Business models in the digital economy are more complex and without clear borders, making liability harder to apportion and claims more complex to settle — despite the frequency of claims expected to decline. The growing “sharing economy” raises new questions about liability. In the future, a road traffic accident could involve the vehicle manufacturer, software provider, and the fleet operator, as well as third parties involved in the accident.
If you’re interested in the intersection of 3D printing and medical technology and happen to be near San Francisco, CA, next week, you might want to carve out some time to attend the 3DHEALS 2017 Global Conference: 3D Print Life. 3D HEALS is dedicated to the proposition that great things can happen if you bring together technologists from the start-up culture of Silicon Valley and the Bay Area and healthcare stakeholders under one roof.
The organization has been around for a couple of years and has produced five successful events during that time. By reaching out to various stakeholders in the healthcare system, technology, regulatory affairs and more, “it made us realize that it takes a village to make revolution happen, and many challenges can only be overcome by a well-organized ecosystem,” write event organizers on the website. “We are hoping that by organizing this global event, 3DHEALS will contribute to fostering this burgeoning yet still fragile ecosystem.”
As 3D printing becomes more accessible, it will present significant liability questions for those injured by these devices. If a traditional manufacturer creates a 3D-printed device, that manufacturer is subject to products liability claims. But, when a hospital or doctor prints the device at their own facility, who is responsible if that device causes a patient harm? This article will provide a very brief overview of the existing legal landscape for those injured by medical devices printed by doctors and hospitals, but will not address the liability issues that arise when the 3D printer itself is defective.
This site has highlighted several times that one of the biggest threats to firms employing 3D printing relates to IP. As well as protecting designs for revenue purposes, as 3D printed items become more used and useful, there will be issues of liability and even safety-criticality that come into play. Waiting for a problem to arise before tackling it is not the best risk management approach, and preparing today for what is happening tomorrow is necessary. However, as this article from Chris Gape a BDaily tells, this message is not sinking in.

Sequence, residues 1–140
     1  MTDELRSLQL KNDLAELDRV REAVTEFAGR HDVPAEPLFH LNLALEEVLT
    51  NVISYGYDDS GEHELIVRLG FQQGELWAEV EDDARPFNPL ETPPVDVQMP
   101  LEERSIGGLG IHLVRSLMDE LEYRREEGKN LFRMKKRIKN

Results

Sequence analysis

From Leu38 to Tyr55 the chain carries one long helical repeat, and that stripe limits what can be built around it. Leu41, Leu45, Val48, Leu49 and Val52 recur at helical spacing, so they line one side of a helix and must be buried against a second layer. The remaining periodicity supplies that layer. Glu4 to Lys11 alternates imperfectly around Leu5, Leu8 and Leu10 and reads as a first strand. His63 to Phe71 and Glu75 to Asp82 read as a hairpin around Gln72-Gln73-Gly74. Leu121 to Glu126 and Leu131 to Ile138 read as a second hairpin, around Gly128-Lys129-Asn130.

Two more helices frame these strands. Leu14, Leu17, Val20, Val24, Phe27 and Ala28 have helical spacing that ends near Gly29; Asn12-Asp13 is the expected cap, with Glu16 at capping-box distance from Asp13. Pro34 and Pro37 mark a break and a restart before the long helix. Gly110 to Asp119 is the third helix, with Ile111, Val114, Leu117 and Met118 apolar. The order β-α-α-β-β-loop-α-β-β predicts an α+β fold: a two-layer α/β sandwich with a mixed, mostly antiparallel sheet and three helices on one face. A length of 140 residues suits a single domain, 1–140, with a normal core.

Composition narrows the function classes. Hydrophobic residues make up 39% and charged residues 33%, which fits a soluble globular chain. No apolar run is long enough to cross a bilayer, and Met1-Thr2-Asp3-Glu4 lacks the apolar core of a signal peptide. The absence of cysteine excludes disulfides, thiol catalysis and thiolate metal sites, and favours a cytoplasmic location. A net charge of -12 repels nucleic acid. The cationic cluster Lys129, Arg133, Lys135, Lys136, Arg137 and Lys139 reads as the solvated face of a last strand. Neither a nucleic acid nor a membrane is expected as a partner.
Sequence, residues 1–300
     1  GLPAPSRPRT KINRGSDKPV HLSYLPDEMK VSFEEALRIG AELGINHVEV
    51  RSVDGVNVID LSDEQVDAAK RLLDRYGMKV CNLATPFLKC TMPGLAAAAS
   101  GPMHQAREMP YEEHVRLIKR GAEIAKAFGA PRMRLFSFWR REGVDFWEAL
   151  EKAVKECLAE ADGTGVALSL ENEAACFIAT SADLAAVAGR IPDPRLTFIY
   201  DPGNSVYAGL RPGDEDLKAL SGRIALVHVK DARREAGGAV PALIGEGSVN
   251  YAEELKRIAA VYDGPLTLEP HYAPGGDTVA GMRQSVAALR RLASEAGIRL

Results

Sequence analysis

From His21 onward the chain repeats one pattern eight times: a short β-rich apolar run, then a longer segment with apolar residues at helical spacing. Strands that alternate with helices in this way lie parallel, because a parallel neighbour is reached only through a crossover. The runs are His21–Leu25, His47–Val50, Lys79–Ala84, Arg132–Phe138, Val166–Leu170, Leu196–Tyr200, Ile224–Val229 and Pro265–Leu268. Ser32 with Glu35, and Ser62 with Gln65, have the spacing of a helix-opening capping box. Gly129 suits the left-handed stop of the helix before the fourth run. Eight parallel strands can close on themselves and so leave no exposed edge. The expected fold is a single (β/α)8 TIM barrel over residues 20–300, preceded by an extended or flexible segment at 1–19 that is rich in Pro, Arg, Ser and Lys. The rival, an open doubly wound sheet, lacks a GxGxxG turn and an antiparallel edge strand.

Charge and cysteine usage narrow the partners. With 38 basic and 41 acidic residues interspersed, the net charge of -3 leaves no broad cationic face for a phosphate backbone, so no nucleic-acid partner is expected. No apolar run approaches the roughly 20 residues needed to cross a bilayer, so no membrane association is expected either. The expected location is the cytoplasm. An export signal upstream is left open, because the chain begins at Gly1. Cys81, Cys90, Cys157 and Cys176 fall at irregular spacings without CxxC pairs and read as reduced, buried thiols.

New research from law firm DMH Stallard has found that while many companies are excited by the use and potential of 3D printing, they currently don’t see it posing much of a threat to their intellectual property (IP).
This is despite the fact that 3D printing can make counterfeiting goods easier.
The qualitative research spoke to companies working across such areas as using 3D printing to produce prototypes as well as finished parts, and those developing software relevant to 3D printing, design protection and data logistics.
Robert Ganpatsingh (pictured), Partner at DMH Stallard and one of the researchers, says: “Of the companies we spoke to, who all operated in a business-to-business environment, the majority believed that their IP would be safe if sensible precautions were taken to protect it. Although they did acknowledge that there was more danger to them at the bespoke end of the scale, where very small numbers of highly customised products are made.
A good article from John Horner, a leader in the legal aspects of 3D printing.
3D printing has the potential to transform the world by simplifying manufacturing, shortening supply chains, democratizing production, creating jobs, and customizing products to our needs. But 3D printing can also be the devil’s playground. 3D printing also has a dark side. Guns have already been 3D printed and criminals are using 3D printers to create new forms of crime.
Almost everyone has heard about the Texas law student, Cody Wilson, who made headlines in 2013 by 3D printing a plastic gun and posting the blueprints on the Internet. The blueprints were downloaded 100,000 times before the US government forced their removal from the server. But if it had not been Cody, it would have been someone else. In fact, the ZigZag plastic gun was 3D printed in Japan shortly after Wilson printed his and the maker went to jail.
In 2015, police in Oregon made arrests for the illegal possession an AR-15 assault rifle. Its lower receiver—the key to what makes it a weapon—was believed to have been 3D printed. A gun and 3D printing enthusiast called Derwood built the “Shuty” semi-automatic handgun partly from 3D printed parts. The weapon fired at least 800 rounds. More recently, a “Guy in a Garage,” as he calls himself, 3D printed the “Songbird,” which uses rubber bands for springs and a roofing nail for a firing pin, and fires multiple .357 rounds.